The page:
So, Dario Franchitti gets third back, and standing starts set for Sunday

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So, two things have just been announced by INDYCAR in the wake of the finish – and start, for that matter – of the IZOD IndyCar Series’ Honda Indy Toronto race one.

First, Dario Franchitti has been restored to his third place, which had been temporarily taken away after the race for alleged blocking against Will Power, heading into Turn 3 at the Exhibition Place street circuit.

Here is the official statement from INDYCAR, issued nearly a couple hours after the race finish:

After the race, INDYCAR officials met with Dario Franchitti and Target Chip Ganassi Racing team members to further review the blocking penalty issued on the final lap of today’s Honda Indy Toronto. The team presented car data showing steering trace and braking points from the Lap 85 incident with the No. 12 car driven by Will Power. The group also viewed additional video.  Upon further review, INDYCAR has reinstated No. 10 Franchitti to his original third place finishing position.

Franchitti, perhaps justifiably, sounded off during the post-race press conference about the penalty after it was issued.

“The big thing is all this (expletive) at the end, quite honestly,” Franchitti said. “Of all the stuff that went on all day, anybody I raced against would protect the inside, the person trying to pass would go to the outside. I made my intentions clear very early.”

He later added he and the team planned to protest.

“It will be very interesting to know how they make decisions up there sometimes. I think it involves a dice and a blindfold,” he deadpanned.

Meanwhile, the aborted standing start that was supposed to take place today has in fact, been reinstituted for tomorrow. If there aren’t further stalls, that is.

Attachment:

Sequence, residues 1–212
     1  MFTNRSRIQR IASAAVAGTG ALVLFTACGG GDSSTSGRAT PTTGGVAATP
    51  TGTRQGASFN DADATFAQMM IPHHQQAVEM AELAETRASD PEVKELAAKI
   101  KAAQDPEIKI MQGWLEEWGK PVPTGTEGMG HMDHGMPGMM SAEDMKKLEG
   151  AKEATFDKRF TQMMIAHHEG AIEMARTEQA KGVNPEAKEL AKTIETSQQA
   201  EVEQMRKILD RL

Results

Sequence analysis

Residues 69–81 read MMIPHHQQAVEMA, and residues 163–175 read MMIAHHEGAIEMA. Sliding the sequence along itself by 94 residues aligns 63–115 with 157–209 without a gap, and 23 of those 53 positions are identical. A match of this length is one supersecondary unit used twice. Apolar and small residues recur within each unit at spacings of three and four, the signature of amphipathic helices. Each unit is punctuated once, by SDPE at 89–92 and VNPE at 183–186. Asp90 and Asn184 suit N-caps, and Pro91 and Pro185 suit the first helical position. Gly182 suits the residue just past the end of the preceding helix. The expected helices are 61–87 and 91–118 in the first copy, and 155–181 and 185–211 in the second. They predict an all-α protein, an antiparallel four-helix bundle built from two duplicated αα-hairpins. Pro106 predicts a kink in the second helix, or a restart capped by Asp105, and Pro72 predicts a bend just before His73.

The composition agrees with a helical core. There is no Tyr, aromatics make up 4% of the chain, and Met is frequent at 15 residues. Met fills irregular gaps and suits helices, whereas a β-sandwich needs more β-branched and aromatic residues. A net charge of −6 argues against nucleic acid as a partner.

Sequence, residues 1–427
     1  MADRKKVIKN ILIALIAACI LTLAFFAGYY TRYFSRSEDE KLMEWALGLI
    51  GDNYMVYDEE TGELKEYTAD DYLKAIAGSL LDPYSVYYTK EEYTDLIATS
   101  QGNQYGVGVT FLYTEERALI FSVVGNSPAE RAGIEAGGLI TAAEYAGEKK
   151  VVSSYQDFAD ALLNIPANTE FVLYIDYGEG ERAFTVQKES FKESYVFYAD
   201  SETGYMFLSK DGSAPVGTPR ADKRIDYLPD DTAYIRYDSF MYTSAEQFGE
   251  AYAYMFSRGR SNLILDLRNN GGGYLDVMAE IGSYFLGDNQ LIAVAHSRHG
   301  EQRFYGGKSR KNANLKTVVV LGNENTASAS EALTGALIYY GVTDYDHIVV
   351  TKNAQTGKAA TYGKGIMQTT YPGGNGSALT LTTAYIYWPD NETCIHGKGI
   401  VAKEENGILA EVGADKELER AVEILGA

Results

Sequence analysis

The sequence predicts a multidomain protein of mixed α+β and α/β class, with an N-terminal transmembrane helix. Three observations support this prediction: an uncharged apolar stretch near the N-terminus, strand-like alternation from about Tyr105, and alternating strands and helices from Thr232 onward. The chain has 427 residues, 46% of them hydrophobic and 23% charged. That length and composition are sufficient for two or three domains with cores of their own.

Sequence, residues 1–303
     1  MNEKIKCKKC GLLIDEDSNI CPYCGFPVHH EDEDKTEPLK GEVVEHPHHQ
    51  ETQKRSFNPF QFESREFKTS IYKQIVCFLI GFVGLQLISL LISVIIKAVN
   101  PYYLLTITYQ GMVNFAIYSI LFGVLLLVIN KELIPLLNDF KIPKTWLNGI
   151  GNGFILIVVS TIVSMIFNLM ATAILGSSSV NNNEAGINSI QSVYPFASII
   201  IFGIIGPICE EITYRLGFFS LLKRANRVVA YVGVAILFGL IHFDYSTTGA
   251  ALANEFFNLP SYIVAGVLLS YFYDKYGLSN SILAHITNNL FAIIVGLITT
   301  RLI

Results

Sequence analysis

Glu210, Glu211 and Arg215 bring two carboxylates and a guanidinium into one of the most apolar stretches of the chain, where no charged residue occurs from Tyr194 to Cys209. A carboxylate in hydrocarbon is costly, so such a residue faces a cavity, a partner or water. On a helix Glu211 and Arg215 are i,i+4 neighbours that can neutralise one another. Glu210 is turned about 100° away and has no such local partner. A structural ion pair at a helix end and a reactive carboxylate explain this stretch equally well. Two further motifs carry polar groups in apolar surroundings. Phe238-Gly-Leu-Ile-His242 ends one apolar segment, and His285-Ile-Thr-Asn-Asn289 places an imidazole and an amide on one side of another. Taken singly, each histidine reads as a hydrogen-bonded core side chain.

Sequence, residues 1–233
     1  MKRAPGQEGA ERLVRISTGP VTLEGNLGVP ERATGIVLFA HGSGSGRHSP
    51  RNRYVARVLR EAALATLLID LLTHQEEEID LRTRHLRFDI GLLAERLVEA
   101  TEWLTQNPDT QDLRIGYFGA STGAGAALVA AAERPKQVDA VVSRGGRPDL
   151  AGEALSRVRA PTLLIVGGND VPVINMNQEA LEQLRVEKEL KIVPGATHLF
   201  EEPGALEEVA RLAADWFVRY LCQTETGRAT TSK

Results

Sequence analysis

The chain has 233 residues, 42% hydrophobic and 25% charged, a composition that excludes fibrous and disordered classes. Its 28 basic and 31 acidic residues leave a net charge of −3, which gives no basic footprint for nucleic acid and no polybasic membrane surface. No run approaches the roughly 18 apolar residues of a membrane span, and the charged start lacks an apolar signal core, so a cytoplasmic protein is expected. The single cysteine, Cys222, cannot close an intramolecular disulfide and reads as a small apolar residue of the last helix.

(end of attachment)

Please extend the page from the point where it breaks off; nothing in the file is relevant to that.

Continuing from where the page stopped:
“The fans deserve to see a standing start, so after consultation with the promoter, we have made the decision to implement a standing start for Sunday’s race,” Brian Barnhart, senior vice president of operations, INDYCAR, said in a series release.

8:45 p.m. ET:  And, we have an update from Franchitti directly. He’s voiced his thanks for the result reversal on Twitter.

F1 2017 driver review: Lance Stroll

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Team: Williams

Car No.: 18
Races: 20
Wins: 0
Podiums: 1
Best Finish: P3 (Azerbaijan)
Pole Positions: 0
Fastest Laps: 0
Points: 40
Championship Position: 13th

Lance Stroll’s arrival in Formula 1 at the start of the 2017 was a far from smooth one despite a significant private testing program being undertaken in the months leading up to his grand prix debut.

Even with older hand Felipe Massa at Williams, Stroll looked uneasy behind the wheel of the FW40 car through the opening run of races as he failed to reach the checkered flag in any of his first three starts.

The Canadian was left deflated after his first decent effort in Bahrain was cut short after a clash with Carlos Sainz Jr., calling it his “rock bottom” moment – but things would turn around on home soil.

Stroll produced a stunning fight through the field to take an excellent P9 in Canada, proving his talent seen in Formula 3 the previous year and shushing many of his critics.

Better would follow two weeks later in Baku when Stroll became the youngest rookie in F1 history to score a podium, dodging a crazy race to finish third. It would have been second had he not lost a drag race against Valtteri Bottas to the line.

Stroll’s form then fluctuated greatly. He was sublime on occasion, the best examples being Monza, when he started a remarkable P2 on the grid and ended as the top midfielder in P7, or Mexico where he took a brilliant sixth.

But there were too many weekends he was a little anonymous. Sure, Williams didn’t have the best car this year, but perhaps a little better was expected from Stroll.

2018 will be an even bigger challenge as he looks to the lead the team when a new teammate arrives – and at only 19, it is a lot to handle. Nevertheless, there are positive signs to be found; you just need to look for them a little.

Season High: Taking a shock podium in Baku after dodging chaos in front.

Season Low: A poor opening two races in Australia and China.